If you are a survivor and would like to learn more about how to use your voice to create positive change, Tina is happy to speak with you. Email email@example.com or reach out to Tina to learn more.
Today, I am here to say that I’m taking my life back
In 2002, I was driving on 93 South while listening to NPR. The host was discussing the church sexual abuse scandal and I didn’t know that at that moment my life would be changed forever. One of the guests said, “for the victims that haven’t come forward yet, others will be abused by the same person that hurt you.” I remembered my heart beating faster and feeling flushed. My breathing was so fast and I couldn’t concentrate on the road. I was having an anxiety attack and had to pull over on 93. It took me several minutes before I could move. The only thing I could think of was the priest who abused me, abusing my children. I COULD NOT let my children go through the anguish that I did and I needed to do something about it.
I didn’t know what to do, so I contacted the NPR guest and had a conversation with him. The first thing he told me was that my statute of limitations had expired. I was denied justice because I hadn’t come forward in time.
From the time I was 15 years old until 2002, I felt that being sexually assaulted was a secret that I would take to my grave. I came from a deeply religious family, and both of my parents saw the priest who raped me as their hero. I couldn’t tell them what this man did to me. They loved and adored him; he was just as powerful as God. I was young and figured that it was my fault that this happened. I was a 15-year-old boy, why did this man choose to hurt me? I felt all alone and believed that I was the only one that this happened to.
It has taken me 18 years to understand and believe that I didn’t do anything wrong. I was just a kid who was targeted by a pedophile and I wasn’t the only person he raped. Ultimately, it has taken me 43 years to learn how to take my life back and to learn to love myself again. During this time, my parents both died not knowing what happened to me. I couldn’t destroy their faith in God.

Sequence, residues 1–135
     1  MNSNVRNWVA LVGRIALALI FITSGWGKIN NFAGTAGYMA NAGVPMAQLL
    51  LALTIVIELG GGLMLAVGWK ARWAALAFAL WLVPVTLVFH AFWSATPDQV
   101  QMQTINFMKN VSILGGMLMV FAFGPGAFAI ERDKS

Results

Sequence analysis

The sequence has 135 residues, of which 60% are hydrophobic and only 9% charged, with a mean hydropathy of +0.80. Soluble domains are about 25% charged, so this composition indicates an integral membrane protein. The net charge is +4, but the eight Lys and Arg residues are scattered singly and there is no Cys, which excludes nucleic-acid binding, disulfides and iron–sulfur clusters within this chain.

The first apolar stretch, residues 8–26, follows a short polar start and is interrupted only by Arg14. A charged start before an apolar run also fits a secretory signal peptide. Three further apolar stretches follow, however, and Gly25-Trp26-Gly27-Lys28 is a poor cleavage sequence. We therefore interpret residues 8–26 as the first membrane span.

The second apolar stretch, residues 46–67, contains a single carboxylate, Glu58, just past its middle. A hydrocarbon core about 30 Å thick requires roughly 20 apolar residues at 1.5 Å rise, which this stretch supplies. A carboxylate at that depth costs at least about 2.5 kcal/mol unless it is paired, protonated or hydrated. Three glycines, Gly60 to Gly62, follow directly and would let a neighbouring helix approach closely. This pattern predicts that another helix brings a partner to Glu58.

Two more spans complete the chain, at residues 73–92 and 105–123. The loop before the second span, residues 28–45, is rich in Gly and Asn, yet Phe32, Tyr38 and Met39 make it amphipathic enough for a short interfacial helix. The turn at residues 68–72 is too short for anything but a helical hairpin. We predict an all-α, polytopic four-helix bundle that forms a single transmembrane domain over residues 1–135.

Trauma is like a shadow; it is always with you. Since I first shared my story I have had to deal with the burden of that trauma and bear the cost it has had on my life. For years I have experienced night terrors and depression. I isolated myself from my kids, family and even friends. I was plagued with doubt and worried that I should never have said anything about my abuse and lived with the pain of silence. I am healing, but it has taken years.
I feel like I was a lucky person, because I didn’t turn to drugs or alcohol. However, I live as a workaholic because it is the only way I can function. It may not seem like a bad way to live but I haven’t been living just existing.
The effects of being sexually assaulted have reverberated throughout my life. It took me years to say that I was a survivor and even longer to heal. Today, I am here to say that I’m taking my life back. I’m a survivor, not a victim and I deserve the opportunity to seek justice whenever I am ready to.
David Oullette is a teacher and former director of SNAP-NH (Survivors Network of those Abused by Priests). David recently testified before the New Hampshire Legislature in support of Senate Bill 508, a bill to abolish the civil statute of limitations for crimes of sexual assault.
No matter when abuse has occurred, it’s never too late to reach out for support. In New Hampshire advocates at the Coalition’s 12 independent member programs are ready to help.
24-hour Helpline: 1-800-277-5570 Chat and text support services are available at several member programs, and more are beginning to offer these services. Visit www.nhcadsv.org to learn more.
Activists seek end to statute of limitations on sexual misconduct lawsuits
N.H. sexual assault survivors call for statute of limitations reform
Member programs of the New Hampshire Coalition Against Domestic and Sexual Violence
Get 24/7 confidential support and information at one of the 12 member programs of the New Hampshire Coalition Against Domestic and Sexual Violence.
Support for sexual abuse and assault outside of New Hampshire: